Children and Medicine

Dedicated to the health and well-being of children around the globe!

Head Lice February 9, 2011

Filed under: Kathleen — kfgoolsby @ 4:56 am

Today’s topic is head lice.  While not exactly a viral disease, head lice is a nasty ailment that is very common during the elementary school years.  According to the Directors of Health Promotion and Education, six to twelve million people have to deal with head lice each year (“Head Lice” par, 10).

The scientific name of head lice is Pediculus humanus capitis. The lice themselves are bugs that go through three stages of growth: nits, nymphs, and adults. The nits are lice eggs that take one week to hatch.  They have an oval shape with yellow-white coloring and are often mistaken for dandruff.  Nits are firmly attached to the hair shaft.  It is easy to realize these are not dandruff when you cannot brush them out. The nymph is an immature adult louse (common name for a wingless insect).  It takes seven days for a nymph to become an adult.  Adults are about the size of sesame seeds with six legs and a tan-grey color.  Adult lice can live on the scalp for thirty days (“Head Lice” par, 2).

Lice need blood to survive.  They do not jump or fly, but are spread by direct contact to infected individuals.  Due to the social nature of girls and their longer hair length, they and women are more likely to get head lice than boys or men (“Head Lice” par, 7).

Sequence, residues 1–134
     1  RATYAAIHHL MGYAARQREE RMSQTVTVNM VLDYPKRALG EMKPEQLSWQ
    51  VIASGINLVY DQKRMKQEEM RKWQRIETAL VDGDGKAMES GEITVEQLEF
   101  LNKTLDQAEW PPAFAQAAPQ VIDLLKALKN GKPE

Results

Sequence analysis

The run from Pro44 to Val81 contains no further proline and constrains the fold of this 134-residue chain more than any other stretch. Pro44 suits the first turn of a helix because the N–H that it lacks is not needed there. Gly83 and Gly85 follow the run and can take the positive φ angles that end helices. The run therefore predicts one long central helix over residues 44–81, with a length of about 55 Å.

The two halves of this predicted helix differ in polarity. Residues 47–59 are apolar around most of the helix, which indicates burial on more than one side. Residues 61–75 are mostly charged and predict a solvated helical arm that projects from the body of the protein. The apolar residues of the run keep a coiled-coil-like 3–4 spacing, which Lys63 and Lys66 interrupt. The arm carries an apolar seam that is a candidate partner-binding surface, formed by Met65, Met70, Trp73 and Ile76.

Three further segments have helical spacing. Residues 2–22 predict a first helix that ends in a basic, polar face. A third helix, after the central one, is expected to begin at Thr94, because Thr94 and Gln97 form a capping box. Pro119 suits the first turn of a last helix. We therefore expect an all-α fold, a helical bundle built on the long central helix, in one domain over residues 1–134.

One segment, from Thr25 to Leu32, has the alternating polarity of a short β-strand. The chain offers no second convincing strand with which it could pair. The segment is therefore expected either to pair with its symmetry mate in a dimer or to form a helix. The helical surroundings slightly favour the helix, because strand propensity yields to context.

Treatment of head lice involves topical medicine that is applied directly to the hair to kill the bugs.  There are also lice-killing shampoos if topical medicine is not necessary.  Lice can live in clothes so to rid the house of bugs one must wash all clothes worn by the infected person and vacuum carpets and cloth furniture.  It is also a good idea to soak brushes and combs in alcohol to kill any remaining insects (“Head Lice” par, 9).

Recent studies have been done to determine if head lice are becoming resistant to current treatments.   A study done in the British Journal of Dermatology found that, “The high survival rate of head lice on treated individuals suggests resistance to the local treatments used (permethrin in Bristol and malathion in Bath)” (Downs 509).  This is a more and more important question about what the next step in lice treatment should be as natural resistance to certain pesticides is becoming common.

Many health websites stress the fact that contracting lice is no reflection on socioeconomic status or personal hygiene.  To prove that point it is good to note that recently the British Prime Minister’s children came home with the pesky affliction, as reported by The Times of India (“10 Downing Street bugged?”  par, 1).  It is just as easy for the private school children of very important world politician to get head lice as it is for a poorer public school child.  All kids hug and play and share things that can pass the ailment around.   Are you itching yet? I know I am!

(He may be giving a thumbs-up now but I’m sure he wasn’t too please when his kids came home with lice


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